The year was 2006. I had only been in Manila for a few months and have started working at a call center. That night, I remembered my teammates and I were working the lean shift, so by 12 midnight, we were out of the office and ready to have a good time. We all wanted to go out for drinks and hear good music. Someone suggested saGuijo. Say what? Where was that? No matter. I went along anyway. It looked like a dive, located in a quiet street in Makati, not far from where we worked in Ayala Avenue. It was my first time there. I had no clue how important saGuijo was to the local music scene.
Fast forward to the year 2013. I have now been to saGuijo a number of times since 2006. From the outside, on a quiet night, saGuijo is nondescript. You won’t know it’s there if not for the very subdued lighted sign hanging atop the gate.The name of the place is a play on where it is located—in Guijo [Street], which literally translates to the Filipino phrase “sa Guijo.” SaGuijo is a bar situated in what would be the corner unit of a row of old apartments. The bottom floor houses the bar and on the second floor you’ll find Snow Tattoo and the Pocket Universe Art Gallery.
SaGuijo Cafe + Bar, just as it’s about page describes, is all about the music. In fact, if you’re a fan of OPM (Original Philippine Music), then you’d know that it’s an institution. Talk to an avid Filipino music fan, and odds are, he’s been to this place, if not, he knows of it.
I’m sure that a number of bands careers launched here. I’ve actually looked up several unknown (to me) indie bands after hearing them play live here. This is a place for music lovers, not only to hear the music they want, but to introduce them to music they didn’t know they wanted.
To say saGuijo is “cozy” is an understatement. You will only be a few feet, if not inches, away from your favorite band. There is no elevated stage to speak of. Only a small space set up in the corner of the room where the bands play.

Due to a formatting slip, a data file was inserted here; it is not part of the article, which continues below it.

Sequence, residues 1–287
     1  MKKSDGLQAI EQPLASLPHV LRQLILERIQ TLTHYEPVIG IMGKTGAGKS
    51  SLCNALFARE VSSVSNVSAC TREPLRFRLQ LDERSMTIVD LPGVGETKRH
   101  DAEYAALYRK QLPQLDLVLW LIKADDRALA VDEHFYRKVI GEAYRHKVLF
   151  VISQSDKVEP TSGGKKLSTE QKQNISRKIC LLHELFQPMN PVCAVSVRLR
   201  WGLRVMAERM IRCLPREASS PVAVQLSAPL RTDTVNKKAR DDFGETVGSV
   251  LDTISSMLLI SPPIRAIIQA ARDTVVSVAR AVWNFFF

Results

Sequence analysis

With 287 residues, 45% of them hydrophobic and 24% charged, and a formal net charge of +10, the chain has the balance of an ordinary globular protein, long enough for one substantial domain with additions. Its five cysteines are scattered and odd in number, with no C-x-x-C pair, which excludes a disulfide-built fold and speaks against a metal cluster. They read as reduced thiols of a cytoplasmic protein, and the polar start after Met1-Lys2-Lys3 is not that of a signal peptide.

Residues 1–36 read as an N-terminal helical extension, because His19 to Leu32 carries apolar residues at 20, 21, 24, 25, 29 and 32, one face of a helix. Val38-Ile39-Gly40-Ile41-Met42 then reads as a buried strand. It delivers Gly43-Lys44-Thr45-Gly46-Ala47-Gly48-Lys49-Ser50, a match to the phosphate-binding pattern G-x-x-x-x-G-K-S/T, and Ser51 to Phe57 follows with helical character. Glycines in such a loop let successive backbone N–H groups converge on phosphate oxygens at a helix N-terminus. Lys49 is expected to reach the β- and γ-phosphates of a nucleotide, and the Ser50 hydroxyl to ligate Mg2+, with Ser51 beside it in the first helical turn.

I’ve been to saGuijo during both quieter sets and the crazy jam-packed ones, and each time, the experience has been inimitable; whether it’s sitting quietly, listening to some unknown band, dancing to a cool techno beat, nodding my head and tapping my feet to a great punk song or screaming the lyrics of a song being performed by my favorite band.
One of my favorite nights to be at saGuijo is Terno Night, where bands from the Terno Recordings line up play. This is usually when it’s packed wall to wall, so best get there early to secure a good spot. On these nights, one of my favorite bands, Up Dharma Down closes the night (or morning as it usually is) and they usually play a good set.
It must be a testament to saGuijo’s legacy that the bar has been featured in two local films that had a focus on OPM. Quark Henares’ Rakenrol and Marie Jamora’s Ang Nawawala (What Isn’t There). In both films, saGuijo is shown as the setting for key scenes in the movies, as well as a venue to showcase great Pinoy talent.
I have written this piece to start my series on my adoptive city, Makati. I can’t imagine writing about my favorite city, without writing about a place you’d find dab smack in the middle of it, inconspicuous, yet there, always present; this place that continuously reminds me of what great music and talent there is in our country.
Sets can start as early as 9PM and would usually end at around 2AM. They are open Tuesday to Saturday. Check out the gig schedules on their website (http://www.saguijo.com/calendar.php), which they update monthly.
The Old Stomping Ground is a feature that showcases the various places and events in and around my adoptive city, Makati.
Check out my other posts about Makati by clicking on this link.